The End Justifies The Means Analysis

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Morality, ethics, rights and wrongs, all apply to the determination of whether the end justifies the means. This statement is mentioned in Niccolo Machiavelli’s book, The Prince, but not exactly stated in that way. The phrase, “the end justifies the means,” means that doing morally wrong actions can be justifiable if the outcome is morally correct, but can it? Morality is defined by the individual, and can also be reflected by one’s religion. For someone who has high morals, the end would not justify the means and vice versa. Through religious beliefs, psychological theories, and law and order , the end does not justify the means. Religion consists of beliefs and practices that a person contributes to. One of the major religions that refute the statement is Christianity. Christians have ten …show more content…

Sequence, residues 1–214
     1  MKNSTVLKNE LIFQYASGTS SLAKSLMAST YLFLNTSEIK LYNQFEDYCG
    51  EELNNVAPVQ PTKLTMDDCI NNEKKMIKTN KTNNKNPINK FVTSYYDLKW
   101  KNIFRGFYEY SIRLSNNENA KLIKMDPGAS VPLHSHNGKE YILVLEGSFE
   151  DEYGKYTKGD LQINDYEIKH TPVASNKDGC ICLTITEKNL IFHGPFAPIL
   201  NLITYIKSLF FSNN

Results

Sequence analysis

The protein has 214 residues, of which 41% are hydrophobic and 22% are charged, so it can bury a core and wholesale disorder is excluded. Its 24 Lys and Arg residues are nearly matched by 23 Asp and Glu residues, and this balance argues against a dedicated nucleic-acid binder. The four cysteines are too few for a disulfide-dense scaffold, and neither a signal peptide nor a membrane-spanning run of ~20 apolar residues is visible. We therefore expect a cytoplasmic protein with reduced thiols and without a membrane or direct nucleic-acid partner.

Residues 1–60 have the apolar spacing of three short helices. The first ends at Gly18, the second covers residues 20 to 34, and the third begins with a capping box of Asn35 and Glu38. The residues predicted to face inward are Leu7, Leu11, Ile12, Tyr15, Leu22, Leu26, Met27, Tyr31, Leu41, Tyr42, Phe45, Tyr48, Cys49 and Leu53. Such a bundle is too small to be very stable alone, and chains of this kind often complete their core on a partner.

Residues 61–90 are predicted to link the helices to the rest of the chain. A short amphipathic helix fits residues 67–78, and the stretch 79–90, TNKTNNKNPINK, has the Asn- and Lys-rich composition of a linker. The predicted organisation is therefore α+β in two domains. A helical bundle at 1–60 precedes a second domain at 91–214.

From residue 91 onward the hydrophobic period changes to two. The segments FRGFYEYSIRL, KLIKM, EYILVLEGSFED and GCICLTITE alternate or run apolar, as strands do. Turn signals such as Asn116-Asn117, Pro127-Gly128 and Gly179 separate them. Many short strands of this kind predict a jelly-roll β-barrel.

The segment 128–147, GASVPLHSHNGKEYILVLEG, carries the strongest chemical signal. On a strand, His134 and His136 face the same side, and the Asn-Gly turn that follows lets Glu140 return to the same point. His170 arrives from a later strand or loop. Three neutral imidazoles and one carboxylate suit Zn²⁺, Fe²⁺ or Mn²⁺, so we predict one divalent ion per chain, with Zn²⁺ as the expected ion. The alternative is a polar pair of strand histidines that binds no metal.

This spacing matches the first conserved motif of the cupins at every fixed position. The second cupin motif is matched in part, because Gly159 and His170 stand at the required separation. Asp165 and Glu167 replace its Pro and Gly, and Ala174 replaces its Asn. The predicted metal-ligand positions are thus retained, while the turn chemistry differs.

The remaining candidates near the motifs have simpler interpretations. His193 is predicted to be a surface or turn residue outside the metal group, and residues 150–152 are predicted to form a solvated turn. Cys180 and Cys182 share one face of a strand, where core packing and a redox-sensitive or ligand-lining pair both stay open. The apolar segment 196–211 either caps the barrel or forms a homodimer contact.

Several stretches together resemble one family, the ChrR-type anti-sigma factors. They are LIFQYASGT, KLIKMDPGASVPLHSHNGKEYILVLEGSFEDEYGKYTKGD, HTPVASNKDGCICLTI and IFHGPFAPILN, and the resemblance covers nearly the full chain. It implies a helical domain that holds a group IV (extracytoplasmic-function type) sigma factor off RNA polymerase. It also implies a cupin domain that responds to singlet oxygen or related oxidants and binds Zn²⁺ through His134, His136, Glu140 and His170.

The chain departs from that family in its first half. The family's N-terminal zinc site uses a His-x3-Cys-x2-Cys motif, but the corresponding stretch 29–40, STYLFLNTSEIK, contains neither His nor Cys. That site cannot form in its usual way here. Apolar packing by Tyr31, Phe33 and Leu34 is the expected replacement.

Lawrence Kohlberg’s theory law of moral development contains three main parts of moral development. The first level is pre-conventional which is when a person has not fully adopted social norms, so their moral understanding is based on what a higher authority has told them, such as a parent telling their child what to do. The second level is conventional, where morality is influenced and based on what a person perceives sociality deems as right and wrong. The third level is postconventional, when morality is based on the person’s own perception of what morality is. Understanding morality is very important in determining whether the end justifies the means because the meaning of the statement is directly related to morality. Each person has their own moral understanding, and in Kohlberg’s moral development theory, he reasons that typically, adolescents and adults are in conventional morality. Being that typically adolescents and adults are in the conventional level, it is more susceptible that the end would not justify the means, because the conventional stage is based of moral standards of society. Society moral standards are mostly based off of

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